Returning to Mrs Merkel, the paradox thing is that many Germans, always prone to be discontent, are growing even more discontent with many things, with a less relaxed quality of life and the intensification of work-life, with less and less buying power earned, with unaffordable housing property, with the uncontrolled influx of immigrants from anywhere East or Southeast in a continuously expanding European union, with constant lorry congestion on all major roads, with the general feeling that the political class is totally detached from the people and mostly following the lobbyists. And, while these sentiments are pretty obvious if you do not listen to the media, but instead to what the people are saying, the Germans apparently still like their chancellor Mrs Merkel. Who actually is in charge of most of this, believe it or not.

But that is the magic of propaganda. People have been taught not to make the connection between their reigning politicians and what is happening to themselves. Instead, they have come to believe as told, that it is the markets, the ‘financial crisis’, globalisation, the others, the unemployed, the nameless super-rich in other countries. But not here. Not them. Not those they have voted for in this best of democracies. In fact, when the average German really feels listened to, he or she has learned that this is populism, and thus merely a manipulative tool employed by vain politicians.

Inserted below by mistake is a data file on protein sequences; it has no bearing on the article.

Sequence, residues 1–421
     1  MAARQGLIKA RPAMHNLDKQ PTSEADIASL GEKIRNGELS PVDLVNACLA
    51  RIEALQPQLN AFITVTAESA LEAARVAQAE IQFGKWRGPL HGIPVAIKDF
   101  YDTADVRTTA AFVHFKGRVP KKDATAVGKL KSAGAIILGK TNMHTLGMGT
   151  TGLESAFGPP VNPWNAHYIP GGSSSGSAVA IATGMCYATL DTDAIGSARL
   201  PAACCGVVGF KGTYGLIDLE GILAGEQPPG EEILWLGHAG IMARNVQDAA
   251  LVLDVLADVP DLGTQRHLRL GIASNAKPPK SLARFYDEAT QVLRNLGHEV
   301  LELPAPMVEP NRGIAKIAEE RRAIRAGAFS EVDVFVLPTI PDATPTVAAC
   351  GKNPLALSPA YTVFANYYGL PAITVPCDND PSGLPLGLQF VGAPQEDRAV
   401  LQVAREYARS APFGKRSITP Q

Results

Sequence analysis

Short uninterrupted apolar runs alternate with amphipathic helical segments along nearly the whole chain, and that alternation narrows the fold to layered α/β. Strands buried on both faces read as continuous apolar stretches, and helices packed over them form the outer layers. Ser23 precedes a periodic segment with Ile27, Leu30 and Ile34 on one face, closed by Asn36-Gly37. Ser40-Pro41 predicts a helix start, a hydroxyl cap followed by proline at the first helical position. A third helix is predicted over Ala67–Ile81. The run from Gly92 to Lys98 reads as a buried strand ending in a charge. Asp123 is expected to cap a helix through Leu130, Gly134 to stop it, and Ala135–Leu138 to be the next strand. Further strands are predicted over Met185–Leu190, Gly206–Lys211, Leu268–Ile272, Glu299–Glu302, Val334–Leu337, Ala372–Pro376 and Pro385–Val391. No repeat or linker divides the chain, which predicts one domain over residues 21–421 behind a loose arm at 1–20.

Angela Merkel is perceived as not being vain or materialist. That in fact may be true. But it misses the crucial point. Angela Merkel’s primary interest is the conservation of her own power. To that, most political analysts across the spectrum would agree. The problem is, a character driven by self-preservation is not particularly philanthropic. Politicians in general probably are not philanthropic, but it still helps those reigned if that trait is not too far down on the agenda of those reigning. But all this is too abstract for most, and they generally believe the political spin spread by private media about mother ‘Mutti’ Merkel, that modest, intelligent physicist with a clerical background. It works.

By the way, about three years after the 2013 election, private media will start to softly wave goodbye to Mrs Merkel, and public media will hop onto the bandwagon. Then, party colleague Ursula von der Leyen, whose name stems from her husband’s Dutch ‘van’ but has been converted into a more elitist ‘von’, something of the shiny and authoritarian kind that the Germans love, will take over from Angela Merkel. Mrs von der Leyen already has the backing of one of the most influential women in German politics, Liz Mohn, family head of one the world’s biggest media houses, Bertelsmann. That should help. It worked before, with Mrs Merkel.

Left and right the same can also be a feature, though usually only outside politics.

Left and right the same can also be a feature, though usually only outside politics.

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Is Germany a corrupt country?

Wikipedia defines corruption as ‘spiritual or moral impurity or deviation from an ideal’. It continues, stating ‘political corruption occurs, when an office-holder or other governmental employee acts in an official capacity for his or her own personal gain’.